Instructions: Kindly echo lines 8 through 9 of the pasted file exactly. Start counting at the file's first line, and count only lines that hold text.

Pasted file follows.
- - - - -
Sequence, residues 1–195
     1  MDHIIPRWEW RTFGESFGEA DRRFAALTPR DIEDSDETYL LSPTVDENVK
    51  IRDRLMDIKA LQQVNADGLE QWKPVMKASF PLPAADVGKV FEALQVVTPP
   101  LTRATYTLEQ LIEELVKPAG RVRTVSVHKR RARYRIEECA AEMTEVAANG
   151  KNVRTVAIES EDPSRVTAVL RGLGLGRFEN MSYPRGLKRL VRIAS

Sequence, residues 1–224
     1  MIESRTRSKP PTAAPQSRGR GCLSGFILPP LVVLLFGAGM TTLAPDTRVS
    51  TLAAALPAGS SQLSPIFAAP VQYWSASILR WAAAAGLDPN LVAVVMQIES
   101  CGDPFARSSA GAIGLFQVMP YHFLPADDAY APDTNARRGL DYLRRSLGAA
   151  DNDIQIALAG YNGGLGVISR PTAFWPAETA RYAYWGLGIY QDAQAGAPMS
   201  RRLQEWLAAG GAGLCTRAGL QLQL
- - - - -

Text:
    51  TLAAALPAGS SQLSPIFAAP VQYWSASILR WAAAAGLDPN LVAVVMQIES
   101  CGDPFARSSA GAIGLFQVMP YHFLPADDAY APDTNARRGL DYLRRSLGAA